Healthcare theme policies and campaigns

Engineering and technology are vital to promote health, fitness and wellbeing. With a global population set to reach 9.6 billion by 2050 and the expectation of longer, healthier and more active lives, we recognise the importance of engineering in helping people achieve this.

It is vital that we invest in the health of our population, not only because good health is desirable, but also because it is an important determinant of economic growth and competitiveness.

Biomedical Engineering

The integration of engineering with medical and biological knowledge of the human body is the domain of the biomedical engineer. Biomedical engineering is one of the fastest growing, diverse, and relatively new areas of engineering spanning the care of the new-born at one end of life to the independent living aids for the elderly at the other. Biomedical engineers work in areas such as:

  • Ageing & wellbeing 
  • Sport and exercise
  • Robotic surgery 
  • Orthopaedics
  • Ergonomics 
  •  Rehabilitation
  • Neurosensory devices 
  • Monitoring and sensing disease

Through technological advancements, biomedical engineers are creating solutions to previously insurmountable problems, allowing people to enjoy an improved quality of life.

Biomedical Engineering and the NHS

The NHS sees about 1 million patients every 36 hours, or 243 million per annum, and has a budget allocation of £113bn (2014/15). That’s 8.46% of the UK’s GDP or £1,994 per person in England. The NHS must find £20bn in efficiency savings by the end of 2015; a target it has been unable to achieve, so far.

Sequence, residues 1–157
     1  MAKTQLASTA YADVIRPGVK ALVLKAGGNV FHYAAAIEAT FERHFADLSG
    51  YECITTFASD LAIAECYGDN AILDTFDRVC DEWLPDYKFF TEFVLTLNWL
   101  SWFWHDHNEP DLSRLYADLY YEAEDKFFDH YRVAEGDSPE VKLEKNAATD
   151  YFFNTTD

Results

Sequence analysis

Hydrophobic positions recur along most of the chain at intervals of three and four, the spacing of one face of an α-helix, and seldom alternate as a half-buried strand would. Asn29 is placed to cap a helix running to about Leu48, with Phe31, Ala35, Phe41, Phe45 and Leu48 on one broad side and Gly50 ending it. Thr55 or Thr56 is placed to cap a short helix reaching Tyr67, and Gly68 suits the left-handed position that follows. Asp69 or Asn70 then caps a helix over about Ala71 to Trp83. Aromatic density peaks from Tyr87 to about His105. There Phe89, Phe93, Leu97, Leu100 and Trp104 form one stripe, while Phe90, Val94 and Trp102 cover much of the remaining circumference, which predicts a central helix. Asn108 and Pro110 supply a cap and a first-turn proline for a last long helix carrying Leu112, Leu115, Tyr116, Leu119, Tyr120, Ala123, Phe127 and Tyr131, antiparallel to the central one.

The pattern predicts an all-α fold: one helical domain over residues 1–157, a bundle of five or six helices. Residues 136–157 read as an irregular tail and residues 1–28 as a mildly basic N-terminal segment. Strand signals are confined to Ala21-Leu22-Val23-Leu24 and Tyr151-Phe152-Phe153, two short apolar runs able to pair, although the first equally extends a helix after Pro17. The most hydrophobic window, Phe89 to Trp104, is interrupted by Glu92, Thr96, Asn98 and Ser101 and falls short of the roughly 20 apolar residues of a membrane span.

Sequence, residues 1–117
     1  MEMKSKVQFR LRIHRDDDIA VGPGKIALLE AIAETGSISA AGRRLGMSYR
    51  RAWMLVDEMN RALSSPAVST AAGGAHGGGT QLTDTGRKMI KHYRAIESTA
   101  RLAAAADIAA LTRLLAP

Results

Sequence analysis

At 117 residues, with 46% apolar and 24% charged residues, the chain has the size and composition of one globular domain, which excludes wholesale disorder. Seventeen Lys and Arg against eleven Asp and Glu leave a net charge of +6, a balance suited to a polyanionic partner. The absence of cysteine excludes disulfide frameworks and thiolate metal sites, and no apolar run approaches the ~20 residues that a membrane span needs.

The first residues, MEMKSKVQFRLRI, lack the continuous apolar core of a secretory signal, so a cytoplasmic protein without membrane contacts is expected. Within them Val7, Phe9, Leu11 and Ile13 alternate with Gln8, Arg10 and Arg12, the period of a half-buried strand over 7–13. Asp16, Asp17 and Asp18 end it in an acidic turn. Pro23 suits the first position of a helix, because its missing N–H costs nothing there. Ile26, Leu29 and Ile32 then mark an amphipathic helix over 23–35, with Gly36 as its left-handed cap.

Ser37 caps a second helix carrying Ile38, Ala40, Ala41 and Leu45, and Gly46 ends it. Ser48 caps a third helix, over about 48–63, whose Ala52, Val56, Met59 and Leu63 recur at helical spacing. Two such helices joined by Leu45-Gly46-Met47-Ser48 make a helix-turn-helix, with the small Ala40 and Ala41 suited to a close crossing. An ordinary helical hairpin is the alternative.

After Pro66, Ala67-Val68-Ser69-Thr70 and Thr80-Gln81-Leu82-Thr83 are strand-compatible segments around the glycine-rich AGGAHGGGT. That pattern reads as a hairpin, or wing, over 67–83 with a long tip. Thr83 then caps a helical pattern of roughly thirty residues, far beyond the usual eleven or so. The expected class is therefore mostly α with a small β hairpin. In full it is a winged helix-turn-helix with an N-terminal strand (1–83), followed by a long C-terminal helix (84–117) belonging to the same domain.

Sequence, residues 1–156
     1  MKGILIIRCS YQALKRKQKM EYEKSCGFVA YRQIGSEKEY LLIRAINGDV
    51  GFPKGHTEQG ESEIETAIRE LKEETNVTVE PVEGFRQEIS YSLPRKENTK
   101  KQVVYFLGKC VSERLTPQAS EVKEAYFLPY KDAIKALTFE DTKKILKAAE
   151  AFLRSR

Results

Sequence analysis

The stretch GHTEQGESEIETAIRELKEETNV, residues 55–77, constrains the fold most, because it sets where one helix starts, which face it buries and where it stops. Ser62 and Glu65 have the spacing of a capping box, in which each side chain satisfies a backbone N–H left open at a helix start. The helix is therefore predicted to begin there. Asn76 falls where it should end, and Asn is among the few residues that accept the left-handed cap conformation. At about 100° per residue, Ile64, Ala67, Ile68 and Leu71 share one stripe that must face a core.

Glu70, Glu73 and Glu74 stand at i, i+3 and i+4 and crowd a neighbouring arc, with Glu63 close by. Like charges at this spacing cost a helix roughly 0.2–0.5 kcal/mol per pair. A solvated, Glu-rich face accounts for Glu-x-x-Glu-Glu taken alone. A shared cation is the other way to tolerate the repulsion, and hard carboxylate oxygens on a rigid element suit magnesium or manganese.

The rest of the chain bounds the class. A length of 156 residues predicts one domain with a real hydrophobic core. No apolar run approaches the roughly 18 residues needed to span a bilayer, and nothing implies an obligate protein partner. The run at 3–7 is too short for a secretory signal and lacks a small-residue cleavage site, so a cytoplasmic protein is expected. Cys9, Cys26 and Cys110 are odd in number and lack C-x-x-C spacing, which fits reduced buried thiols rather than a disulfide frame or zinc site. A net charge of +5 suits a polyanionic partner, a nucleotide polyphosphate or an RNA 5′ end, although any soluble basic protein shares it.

With over £500 million being spent on the procurement of medical equipment, little has been done to create efficiencies.  As engineers we recognise that better management of medical technology could achieve considerable savings. Yet the presence and significance of biomedical engineering and the role it can play within the NHS is often poorly understood. 

Technology is one of the key enabling mechanisms for the NHS to meet the demands of safety, efficacy and cost-effectiveness, and biomedical engineers are in a strong position to influence future procurement and reduce the UK’s healthcare deficit.

Engineering better healthcare

The Institution is recognised as a key thought-leader across the biomedical engineering sector; providing guidance to government agencies, healthcare professionals, and the media.  We are bringing together key stakeholders from both the medical and engineering industries to discuss latest technological advances, establish effective policy and influence best-practice across a wide range of healthcare topics. Our aim is to:

  • Establish biomedical engineering as a distinct discipline across all healthcare sectors
  • Encourage faster development & commercialisation of new innovative healthcare technology 
  • Demonstrate the efficacy and cost-effectiveness of medical equipment

Supporting technological advances, stimulating economic growth and competitiveness through engineering, will improve healthcare in the UK and define Britain’s global influence in biomedical engineering.

hands yeh?

Campaign: Engineering Solutions for the NHS

We are campaigning to raise awareness of the work and value of engineers within the NHS. We are calling for a position of Chief Biomedical Engineer to be created at every NHS acute Trust, similar to Chief Nurse or Chief Medical Officer.

Learn about the campaign

Dr Helen Meese CEng MIMechE

Healthcare policy spokesperson

Helen joined the Institution in 2013 as Head of Engineering in Society and became Head of Healthcare in November 2015. She works to raise the profile of mechanical engineering, focusing on innovative and emerging technologies and how they impact on healthcare, both in the UK and internationally.

Read Helen's full biography

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